Non-sticky and Antimicrobial Zwitterionic Nanocomposite Dressings for Infected Chronic Wounds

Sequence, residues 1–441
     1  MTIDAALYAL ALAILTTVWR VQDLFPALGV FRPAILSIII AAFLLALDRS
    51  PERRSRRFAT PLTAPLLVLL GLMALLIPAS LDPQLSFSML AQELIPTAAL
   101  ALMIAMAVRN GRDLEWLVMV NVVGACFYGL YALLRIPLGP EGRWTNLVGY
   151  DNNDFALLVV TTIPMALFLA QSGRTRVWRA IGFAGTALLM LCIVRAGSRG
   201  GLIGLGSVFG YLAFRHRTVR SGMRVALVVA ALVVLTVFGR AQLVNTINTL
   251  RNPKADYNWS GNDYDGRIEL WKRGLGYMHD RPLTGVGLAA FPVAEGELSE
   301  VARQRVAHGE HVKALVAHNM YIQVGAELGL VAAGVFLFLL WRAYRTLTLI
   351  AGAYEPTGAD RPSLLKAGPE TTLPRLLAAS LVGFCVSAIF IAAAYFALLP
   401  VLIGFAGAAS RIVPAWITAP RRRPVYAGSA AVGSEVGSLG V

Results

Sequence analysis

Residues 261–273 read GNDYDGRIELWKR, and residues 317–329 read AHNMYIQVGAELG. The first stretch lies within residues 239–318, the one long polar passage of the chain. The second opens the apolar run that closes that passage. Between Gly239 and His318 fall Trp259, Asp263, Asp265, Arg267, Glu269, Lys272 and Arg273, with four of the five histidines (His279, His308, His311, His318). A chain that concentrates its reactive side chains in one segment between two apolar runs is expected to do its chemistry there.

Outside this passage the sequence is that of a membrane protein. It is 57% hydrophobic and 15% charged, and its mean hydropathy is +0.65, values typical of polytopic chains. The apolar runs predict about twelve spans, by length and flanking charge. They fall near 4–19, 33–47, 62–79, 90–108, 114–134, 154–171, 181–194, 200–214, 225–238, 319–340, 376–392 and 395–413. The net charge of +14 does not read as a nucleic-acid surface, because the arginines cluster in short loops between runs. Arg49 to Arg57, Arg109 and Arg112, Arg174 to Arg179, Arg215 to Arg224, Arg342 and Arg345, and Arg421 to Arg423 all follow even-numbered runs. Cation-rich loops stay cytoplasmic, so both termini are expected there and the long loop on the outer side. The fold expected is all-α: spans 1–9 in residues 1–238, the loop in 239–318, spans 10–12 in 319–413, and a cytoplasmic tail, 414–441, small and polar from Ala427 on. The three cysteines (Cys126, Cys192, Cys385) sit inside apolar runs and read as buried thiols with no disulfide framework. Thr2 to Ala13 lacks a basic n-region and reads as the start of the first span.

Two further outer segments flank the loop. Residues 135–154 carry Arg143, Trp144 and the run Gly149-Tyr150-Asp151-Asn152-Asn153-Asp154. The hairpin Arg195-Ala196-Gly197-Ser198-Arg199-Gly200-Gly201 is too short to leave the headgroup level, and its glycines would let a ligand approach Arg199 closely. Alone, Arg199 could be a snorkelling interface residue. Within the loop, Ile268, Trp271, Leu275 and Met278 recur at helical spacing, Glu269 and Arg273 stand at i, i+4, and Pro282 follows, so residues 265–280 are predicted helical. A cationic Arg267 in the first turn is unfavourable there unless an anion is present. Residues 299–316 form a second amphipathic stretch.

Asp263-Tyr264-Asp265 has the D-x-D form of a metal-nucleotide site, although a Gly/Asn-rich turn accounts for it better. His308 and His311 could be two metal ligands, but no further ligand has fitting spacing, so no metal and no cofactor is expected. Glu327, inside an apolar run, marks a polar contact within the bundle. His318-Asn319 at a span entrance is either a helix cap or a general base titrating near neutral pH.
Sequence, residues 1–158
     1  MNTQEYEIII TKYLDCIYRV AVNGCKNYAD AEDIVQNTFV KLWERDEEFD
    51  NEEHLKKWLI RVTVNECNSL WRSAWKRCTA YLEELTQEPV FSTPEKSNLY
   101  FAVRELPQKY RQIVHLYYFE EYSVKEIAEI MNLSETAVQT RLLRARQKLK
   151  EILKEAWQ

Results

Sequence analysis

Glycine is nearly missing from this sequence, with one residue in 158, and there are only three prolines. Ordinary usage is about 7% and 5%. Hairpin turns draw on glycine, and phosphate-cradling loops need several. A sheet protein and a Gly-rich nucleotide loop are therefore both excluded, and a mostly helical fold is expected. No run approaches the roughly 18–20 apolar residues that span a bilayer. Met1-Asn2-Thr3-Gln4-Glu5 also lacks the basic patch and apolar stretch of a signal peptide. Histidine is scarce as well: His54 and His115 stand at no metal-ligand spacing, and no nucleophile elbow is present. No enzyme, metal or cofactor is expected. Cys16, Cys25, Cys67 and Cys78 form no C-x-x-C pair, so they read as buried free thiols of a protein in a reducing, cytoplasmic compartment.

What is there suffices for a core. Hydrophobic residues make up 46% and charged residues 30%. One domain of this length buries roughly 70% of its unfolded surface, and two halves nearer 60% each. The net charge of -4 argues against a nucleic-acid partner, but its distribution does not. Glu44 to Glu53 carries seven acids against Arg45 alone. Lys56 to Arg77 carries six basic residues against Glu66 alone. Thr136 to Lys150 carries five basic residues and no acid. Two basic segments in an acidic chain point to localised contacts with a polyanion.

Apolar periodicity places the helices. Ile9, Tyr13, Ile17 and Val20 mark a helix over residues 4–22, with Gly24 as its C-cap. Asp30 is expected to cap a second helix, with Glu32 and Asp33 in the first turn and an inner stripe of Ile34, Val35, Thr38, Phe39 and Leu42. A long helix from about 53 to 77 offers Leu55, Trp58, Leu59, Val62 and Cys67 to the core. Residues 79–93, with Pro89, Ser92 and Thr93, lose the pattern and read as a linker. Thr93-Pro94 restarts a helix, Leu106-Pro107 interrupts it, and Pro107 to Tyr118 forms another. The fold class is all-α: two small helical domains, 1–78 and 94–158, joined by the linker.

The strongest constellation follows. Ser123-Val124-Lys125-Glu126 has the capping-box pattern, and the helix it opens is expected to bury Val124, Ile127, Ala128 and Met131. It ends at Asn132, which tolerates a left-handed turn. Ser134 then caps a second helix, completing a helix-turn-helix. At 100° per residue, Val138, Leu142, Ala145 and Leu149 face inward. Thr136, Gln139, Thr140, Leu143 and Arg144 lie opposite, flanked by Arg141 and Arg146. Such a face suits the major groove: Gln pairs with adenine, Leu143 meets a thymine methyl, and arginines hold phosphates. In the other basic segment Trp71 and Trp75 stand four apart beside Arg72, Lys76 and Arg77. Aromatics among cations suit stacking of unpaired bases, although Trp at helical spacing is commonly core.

Zwitterionic poly(sulfobetaine acrylamide) (pSBAA)-based nanocomposite hydrogel impregnated with germicidal silver nanoparticles (AgNPs) was synthesized and implemented for treatment of infected chronic wounds. The zwitterionic hydrogels exhibited excellent non-sticky properties and had reinforced mechanical properties by the addition of hectorite nanoclay and poly(ethylene glycol)dimethacrylate as physical and chemical crosslinkers, respectively. In addition, AgNPs were grown within intercalated clay/polymer structure by in situ free radical reduction, as confirmed by UV−vis spectroscopy and transmission electron microscopy (TEM). The silver-contained pSBAA nanocomposite hydrogels (pSBAA/Ag) exhibited germicidal properties against gram-positive S. epidermidis and gram-negative P. aeruginosa. The zwitterionic hydrogels show the higher water content than 2-hydroxyethyl methacrylate (pHEMA) hydrogels, owing to the strong hydration via ionic solvation. The negligible cytotoxicity of pSBAA/Ag hydrogels was assessed with human fibroblasts by the MTT assay. Moreover, the zwitterionic hydrogels demonstrated the excellence resistance to adsorption of bovine serum albumin (BSA). To evaluate the feasibility of clinical application as wound dressing with hydrogels, we created infected diabetic rat models and compared with commercial wound dressings. The results show that pSBAA/Ag hydrogel did not adhered to the newly tissue, and readily removed from the wounds after treatment of 3 days. Moreover, the healing recovery was evaluated by visual observation of infected dorsal wounds on rats with induction of diabetes by Streptozotocin. The finding indicates complete healing with the pSBAA/Ag hydrogels after 15 days, faster than other dressings. The histological examination also proved that the zwitterionic hydrogels facilitated epithelialization and collagen distribution in the infected diabetic wounds. Consequently, the novel non-sticky and antimicrobial zwitterionic nanocomposite hydrogels can have the high potential for the treatment of infected chronic wounds.